The fourth recommendation has to do with the effort a customer needs to make to use a cryptocurrency. Even through the effort required to learn and operate with a cryptocurrency is not one of the most important factors for acceptance, it is significant. Any innovation in a cryptocurrency’s usability will thus positively influence the intention to use it.

Finally, this research has some limitations. We focus on a very specific population segment: college-educated adults with a basic grasp of the Internet. Notwithstanding our discussion of and rationale for this decision, future studies should focus on other segments in order to gain a broader knowledge of cryptocurrency acceptance in society. Another possible limitation is that this research was circumscribed to Spain. The results might be different if the survey had had a larger geographical scope or been conducted in another country (e.g., the results of the aforementioned m-banking studies differed depending on the region, while the ING study (Exton and Doidge, 2018) revealed different perceptions depending on the country). Thus, future research should be conducted in other countries. Another factor that could be included in future research is sustainability of cryptocurrencies and blockchain mining. According to Krause and Tolaymat (2018) the mining process requires intensive computation resources with large energy consumption, being estimated than during the period from 2016 to 2018 the energy needed to mine 1 US$ of Bitcoins was 17 megajoules compared with the 5 megajoules needed to obtain 1US$ of gold. Based on this finding, sustainability factors could have an implact on cryptocurrencies development. Cryptocurrencies are an emerging technology in constant evolution. Therefore, the findings of the present research should be interpreted with care. In the near future, technology will continue to change, as will people’s knowledge of financial technology. Consequently, future research should both include a longitudinal study to track the evolutionary adoption of cryptocurrencies and seek to update the model to future circumstances.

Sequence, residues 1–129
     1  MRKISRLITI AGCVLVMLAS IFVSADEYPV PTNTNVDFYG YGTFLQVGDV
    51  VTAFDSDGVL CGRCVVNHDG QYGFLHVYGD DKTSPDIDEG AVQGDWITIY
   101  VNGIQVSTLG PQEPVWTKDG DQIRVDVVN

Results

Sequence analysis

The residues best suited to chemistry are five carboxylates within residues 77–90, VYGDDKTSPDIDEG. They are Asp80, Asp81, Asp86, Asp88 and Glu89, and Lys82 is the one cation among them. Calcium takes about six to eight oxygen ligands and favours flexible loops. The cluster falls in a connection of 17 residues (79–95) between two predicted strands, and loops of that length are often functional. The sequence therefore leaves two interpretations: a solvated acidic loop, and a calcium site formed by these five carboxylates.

Author Contributions

All authors listed have made a substantial, direct and intellectual contribution to the work, and approved it for publication.


This research was carried out by Rovira i Virgili Foundation (Reference No. T18177S), being funded by the Associate Editors, Cooperative Society (EDAS, SC) as a collaborator of the UNG Tactical Whistleblower in the ethics cryptocurrency project Taboow.

Conflict of Interest Statement

The authors declare that the research was conducted in the absence of any commercial or financial relationships that could be construed as a potential conflict of interest.


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Keywords: cryptocurrencies, bitcoin, blockchain, ICO, initial coin offering, fintech

Citation: Arias-Oliva M, Pelegrín-Borondo J and Matías-Clavero G (2019) Variables Influencing Cryptocurrency Use: A Technology Acceptance Model in Spain. Front. Psychol. 10:475. doi: 10.3389/fpsyg.2019.00475

Received: 25 November 2018; Accepted: 18 February 2019;
Published: 18 March 2019.

Edited by:

María del Carmen Pérez-Fuentes, University of Almería, Spain

Reviewed by:

Pasquale Giungato, Università degli Studi di Bari, Italy
Nuria Huete-Alcocer, University of Castilla–La Mancha, Spain

Copyright © 2019 Arias-Oliva, Pelegrín-Borondo and Matías-Clavero. This is an open-access article distributed under the terms of the Creative Commons Attribution License (CC BY). The use, distribution or reproduction in other forums is permitted, provided the original author(s) and the copyright owner(s) are credited and that the original publication in this journal is cited, in accordance with accepted academic practice. No use, distribution or reproduction is permitted which does not comply with these terms.

*Correspondence: Mario Arias-Oliva,;